This is a topic of conversation that Sean and I have been discussing lately. What makes this so frustrating is that even if you buy really nice components, when you assemble them the PC tends to be noisy when compared to some $400 Dell or HP PC. I’d even go so far to say that some of my cheaper builds have been quieter than my more expensive ones. That and all the PCs I build for Jeff Lemaire seem to be whisper quiet, frustratingly so compared to the rigs I build for Kristin and myself.
To that end, I have set out to quiet the PCs in the Juchems home (thanks to Sean for bringing this up in his own quest to cut down on PC noise pollution.) Some things to keep in mind when building your own quiet PCs:
- Buy a video card with a three or four pin fan. Two pin fans are not speed controlled and therefore will spin at one (typically annoyingly loud) speed. This prevents control of fan speed via software as well.
- Enable automated fan speed management in the BIOS, sometimes referred to as “Smart Fan.” This will spin down your CPU fan and possibly any other fans plugged into the motherboard headers for power when system temps are cool.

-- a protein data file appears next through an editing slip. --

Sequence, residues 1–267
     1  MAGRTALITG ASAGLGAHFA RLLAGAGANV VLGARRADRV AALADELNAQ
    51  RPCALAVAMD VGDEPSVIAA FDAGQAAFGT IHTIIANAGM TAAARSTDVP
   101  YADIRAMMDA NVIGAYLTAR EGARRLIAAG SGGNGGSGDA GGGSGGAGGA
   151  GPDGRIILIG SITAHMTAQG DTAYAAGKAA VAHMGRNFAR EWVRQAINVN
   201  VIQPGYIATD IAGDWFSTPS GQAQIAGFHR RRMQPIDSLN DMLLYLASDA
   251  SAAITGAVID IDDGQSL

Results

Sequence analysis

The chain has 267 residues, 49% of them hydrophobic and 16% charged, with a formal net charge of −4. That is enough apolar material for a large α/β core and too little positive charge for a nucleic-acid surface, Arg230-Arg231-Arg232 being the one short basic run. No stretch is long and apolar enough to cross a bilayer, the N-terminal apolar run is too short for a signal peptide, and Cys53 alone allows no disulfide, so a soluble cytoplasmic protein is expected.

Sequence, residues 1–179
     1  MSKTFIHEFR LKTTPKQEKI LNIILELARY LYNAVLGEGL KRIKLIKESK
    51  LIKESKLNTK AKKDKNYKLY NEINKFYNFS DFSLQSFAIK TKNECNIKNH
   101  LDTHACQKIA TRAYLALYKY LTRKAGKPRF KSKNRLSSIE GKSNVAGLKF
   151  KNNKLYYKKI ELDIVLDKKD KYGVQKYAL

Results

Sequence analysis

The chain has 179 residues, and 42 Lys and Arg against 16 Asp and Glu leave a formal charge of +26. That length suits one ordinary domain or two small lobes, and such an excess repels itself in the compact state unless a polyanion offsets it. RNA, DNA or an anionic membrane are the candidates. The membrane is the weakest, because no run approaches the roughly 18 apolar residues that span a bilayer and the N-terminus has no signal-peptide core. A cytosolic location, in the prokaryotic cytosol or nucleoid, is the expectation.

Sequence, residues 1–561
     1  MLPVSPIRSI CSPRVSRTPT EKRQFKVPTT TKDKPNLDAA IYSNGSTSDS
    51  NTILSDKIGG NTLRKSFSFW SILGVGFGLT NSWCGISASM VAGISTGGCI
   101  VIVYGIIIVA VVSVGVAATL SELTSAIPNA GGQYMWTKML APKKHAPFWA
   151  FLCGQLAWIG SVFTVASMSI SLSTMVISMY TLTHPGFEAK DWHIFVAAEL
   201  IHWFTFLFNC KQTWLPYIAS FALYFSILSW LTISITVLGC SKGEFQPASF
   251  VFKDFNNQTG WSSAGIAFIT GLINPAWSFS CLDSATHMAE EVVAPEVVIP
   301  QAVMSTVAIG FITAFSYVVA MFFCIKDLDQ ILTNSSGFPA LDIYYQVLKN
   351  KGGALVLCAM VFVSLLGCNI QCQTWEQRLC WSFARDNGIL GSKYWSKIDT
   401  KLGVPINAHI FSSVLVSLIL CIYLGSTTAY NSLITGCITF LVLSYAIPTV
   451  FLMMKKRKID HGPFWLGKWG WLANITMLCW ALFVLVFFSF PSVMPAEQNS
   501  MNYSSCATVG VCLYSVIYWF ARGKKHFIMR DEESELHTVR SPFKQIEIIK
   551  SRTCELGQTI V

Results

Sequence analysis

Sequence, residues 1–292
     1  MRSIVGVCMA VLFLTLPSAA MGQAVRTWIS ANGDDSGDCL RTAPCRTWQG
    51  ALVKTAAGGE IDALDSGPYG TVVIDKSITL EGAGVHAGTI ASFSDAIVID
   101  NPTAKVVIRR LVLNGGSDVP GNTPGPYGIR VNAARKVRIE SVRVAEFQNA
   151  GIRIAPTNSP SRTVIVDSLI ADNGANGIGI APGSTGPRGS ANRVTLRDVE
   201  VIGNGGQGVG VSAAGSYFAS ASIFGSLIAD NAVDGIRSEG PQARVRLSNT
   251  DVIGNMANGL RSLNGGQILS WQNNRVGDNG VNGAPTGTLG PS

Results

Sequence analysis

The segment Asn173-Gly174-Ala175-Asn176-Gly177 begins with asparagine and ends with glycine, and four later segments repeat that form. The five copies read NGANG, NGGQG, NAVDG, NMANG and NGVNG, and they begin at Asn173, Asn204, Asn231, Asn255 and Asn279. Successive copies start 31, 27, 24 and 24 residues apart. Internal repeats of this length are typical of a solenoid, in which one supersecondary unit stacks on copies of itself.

- Pay attention to the Db (decibel) rating of the fans you are buying. Try to stick to fans that are ~28Db or lower.
- Spin your fans slower. This is a example of how to do this from Silent PC, a site dedicated to making your PC run as quietly as possible. As for myself, I just modify a three pin to four pin adapter buying switching the yellow and red cables in the female end.
I recently purchased an inexpensive video card from the online forums as part of package of inexpensive computer parts. I didn’t pay close enough attention – the fan on the little x1650 card was two pin and spun incredibly fast and loud. As this card is likely to go into my moms computer (hey, I might want to fire up a game on it for some easy LAN action back at the farm) it needs to be much quieter – this little $20 card was filling a room with sound and that made it pretty worthless. This card doesn’t consume much power so only a little airflow is really needed and the fan was really pushing at 12v. So I performed the mod linked to above.
The tools I used to complete this modification were a paper clip and a box cutter. I used the paper clip to push in the “fingers” that held in the pins on the female end and then used the box cutter blade to push those fingers back out before reinserting the pins. If you are attempting this, you’ll get what I mean by looking at it 🙂 I was able to carefully push the two pin female connector from the video card onto the three pin adapter without any other modification.
Since I performed the mod, the fan can no longer be heard. It should be spinning with 5v rather than 12v now, meaning just under half as fast. Now it will serve its purpose perfectly.
One word of warning – using this adapter as a pass through now will likely roast something like a hard drive. Make sure there are only fans downstream of your connector. You can daisy chain these four pin fan adapters to accommodate all of your case fans and you should only need to modify the first connector.